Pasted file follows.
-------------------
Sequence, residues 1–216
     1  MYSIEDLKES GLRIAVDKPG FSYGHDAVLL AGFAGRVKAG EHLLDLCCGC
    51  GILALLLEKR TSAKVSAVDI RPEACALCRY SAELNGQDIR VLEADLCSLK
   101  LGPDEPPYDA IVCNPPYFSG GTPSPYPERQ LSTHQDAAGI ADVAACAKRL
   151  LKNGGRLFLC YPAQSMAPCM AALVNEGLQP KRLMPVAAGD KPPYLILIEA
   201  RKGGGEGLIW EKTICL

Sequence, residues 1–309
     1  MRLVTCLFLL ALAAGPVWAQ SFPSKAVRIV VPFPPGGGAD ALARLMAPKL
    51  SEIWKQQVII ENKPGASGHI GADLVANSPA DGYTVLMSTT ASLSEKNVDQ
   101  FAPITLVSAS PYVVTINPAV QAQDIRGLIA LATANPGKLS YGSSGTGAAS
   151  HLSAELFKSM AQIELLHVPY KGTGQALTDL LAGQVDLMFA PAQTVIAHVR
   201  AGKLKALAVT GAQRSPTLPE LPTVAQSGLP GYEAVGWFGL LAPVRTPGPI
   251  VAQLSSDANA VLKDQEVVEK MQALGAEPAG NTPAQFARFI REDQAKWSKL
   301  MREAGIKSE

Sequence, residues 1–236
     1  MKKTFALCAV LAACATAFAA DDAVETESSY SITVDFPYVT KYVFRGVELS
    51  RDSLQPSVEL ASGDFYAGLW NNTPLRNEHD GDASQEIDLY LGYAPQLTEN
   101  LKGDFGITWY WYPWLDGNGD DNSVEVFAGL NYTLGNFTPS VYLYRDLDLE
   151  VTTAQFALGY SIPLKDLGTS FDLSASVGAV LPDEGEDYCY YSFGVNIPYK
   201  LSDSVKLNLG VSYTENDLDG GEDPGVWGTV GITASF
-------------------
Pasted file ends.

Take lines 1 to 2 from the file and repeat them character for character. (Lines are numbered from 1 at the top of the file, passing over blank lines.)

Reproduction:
Sequence, residues 1–216
     1  MYSIEDLKES GLRIAVDKPG FSYGHDAVLL AGFAGRVKAG EHLLDLCCGC